May 14, 2020

Tech Company or Snack Food: Anatomy of Naming

If you’ve ever named another human being, you know what a hassle it can be. Did I say hassle? I meant honor.

Either way, it’s usually decided by committee, under deadline, and guided by hypersensitivity “We can’t name him Raymond I knew a Raymond in elementary school who ate glue.” This is why we invariably wind up with names like Todd and Bruce. And Raymond.

As a guy named Gary, I feel qualified to speak about this.

Of all the assignments that get plopped in a copywriter’s lap, naming is among the toughest. Some people have tried and true methods for naming exploration. There’s the musical route, which gets you names like Arpeggio, Coda, Cadenza. There’s astronomy, with names like Apogee, Helios, and Uranus (that one never gets old).

My approach is to work with our strategists to understand what the client hopes to accomplish with the name, who the audience really is, and any other direction I can get. Maybe there’s an established family of names like Dodge Caliber, Magnum, and Uzi. Maybe the name is supposed to describe the product, like Ray-Ban, Groupon, and I Can’t Believe It’s Not Butter!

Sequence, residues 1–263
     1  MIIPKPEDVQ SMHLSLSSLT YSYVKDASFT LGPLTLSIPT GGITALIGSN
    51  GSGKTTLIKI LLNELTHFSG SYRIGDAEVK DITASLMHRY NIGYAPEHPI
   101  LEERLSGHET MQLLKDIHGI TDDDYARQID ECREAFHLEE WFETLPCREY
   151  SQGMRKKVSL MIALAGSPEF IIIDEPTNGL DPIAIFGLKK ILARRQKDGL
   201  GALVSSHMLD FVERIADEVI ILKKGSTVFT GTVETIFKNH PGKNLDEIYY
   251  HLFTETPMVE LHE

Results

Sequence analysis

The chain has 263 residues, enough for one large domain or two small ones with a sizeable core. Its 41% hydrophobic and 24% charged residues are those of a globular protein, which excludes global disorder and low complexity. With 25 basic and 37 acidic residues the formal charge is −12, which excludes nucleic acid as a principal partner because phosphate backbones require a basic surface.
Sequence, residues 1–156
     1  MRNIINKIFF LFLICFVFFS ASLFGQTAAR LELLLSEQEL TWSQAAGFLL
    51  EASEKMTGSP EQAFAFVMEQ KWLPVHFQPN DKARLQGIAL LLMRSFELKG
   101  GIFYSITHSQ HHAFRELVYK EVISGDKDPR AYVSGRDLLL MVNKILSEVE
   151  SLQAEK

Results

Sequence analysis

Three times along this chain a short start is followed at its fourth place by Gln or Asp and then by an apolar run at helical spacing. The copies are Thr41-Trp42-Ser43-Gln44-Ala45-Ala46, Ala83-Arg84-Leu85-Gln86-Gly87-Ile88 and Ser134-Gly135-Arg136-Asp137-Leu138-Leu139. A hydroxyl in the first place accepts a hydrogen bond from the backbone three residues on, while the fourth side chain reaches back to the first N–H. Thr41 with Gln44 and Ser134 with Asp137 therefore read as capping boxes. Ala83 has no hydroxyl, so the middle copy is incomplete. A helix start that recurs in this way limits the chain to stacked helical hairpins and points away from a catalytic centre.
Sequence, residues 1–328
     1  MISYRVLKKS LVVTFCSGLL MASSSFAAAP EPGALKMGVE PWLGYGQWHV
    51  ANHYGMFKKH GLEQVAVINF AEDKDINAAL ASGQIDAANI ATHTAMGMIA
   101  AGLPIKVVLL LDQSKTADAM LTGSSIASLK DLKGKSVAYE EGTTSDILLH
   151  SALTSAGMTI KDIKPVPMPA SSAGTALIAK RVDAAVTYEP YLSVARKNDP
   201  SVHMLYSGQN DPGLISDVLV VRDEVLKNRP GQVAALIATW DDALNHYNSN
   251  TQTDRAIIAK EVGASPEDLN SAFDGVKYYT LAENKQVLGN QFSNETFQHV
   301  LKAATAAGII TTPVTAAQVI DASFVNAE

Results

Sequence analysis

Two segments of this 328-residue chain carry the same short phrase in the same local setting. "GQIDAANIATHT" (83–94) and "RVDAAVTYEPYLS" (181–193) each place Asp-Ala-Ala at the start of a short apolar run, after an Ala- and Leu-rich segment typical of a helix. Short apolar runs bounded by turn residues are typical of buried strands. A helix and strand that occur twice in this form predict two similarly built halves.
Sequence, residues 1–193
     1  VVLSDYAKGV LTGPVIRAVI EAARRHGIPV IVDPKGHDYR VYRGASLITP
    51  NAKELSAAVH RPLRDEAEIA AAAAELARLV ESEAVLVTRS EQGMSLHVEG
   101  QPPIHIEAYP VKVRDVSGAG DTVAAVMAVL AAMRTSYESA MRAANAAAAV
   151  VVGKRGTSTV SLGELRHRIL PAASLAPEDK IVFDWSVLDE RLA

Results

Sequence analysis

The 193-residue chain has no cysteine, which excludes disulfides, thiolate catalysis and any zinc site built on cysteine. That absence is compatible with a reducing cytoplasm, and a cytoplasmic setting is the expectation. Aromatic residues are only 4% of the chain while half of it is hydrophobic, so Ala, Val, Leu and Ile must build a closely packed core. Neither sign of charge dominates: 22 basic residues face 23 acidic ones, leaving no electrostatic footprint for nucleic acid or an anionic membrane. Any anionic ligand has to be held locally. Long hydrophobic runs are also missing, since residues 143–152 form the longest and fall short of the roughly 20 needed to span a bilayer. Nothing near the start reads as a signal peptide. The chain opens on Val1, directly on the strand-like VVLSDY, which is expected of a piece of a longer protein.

At HMH, I’ve helped named products, services, and sales events, and every one is different. But there’s one category of naming I can’t wait to tackle: Tech companies. The way I see it, if it sounds like it’s a snack food, you’ve got a winner. Don’t believe it? Take the “Snack Food or Tech Company Challenge” to see for yourself.

  1. Qwest
  2. Smarsh
  3. Quisp
  4. Baroo
  5. Ding Dong
  6. Cloud Cakes
  7. Yodels
  8. Sponch
  9. Blekko
  10. LunchBadger
  11. MoBagel
  12. Nutty Bar

 

tech: 1, 2, 4, 9, 10, 11

snack food: 3, 6, 7, 8, 12

both: 5

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Gary Golden

Gary, like all HMH'ers, has a passion for following these trends in and out of the industry in order to better determine the best solutions for our clients. Nice.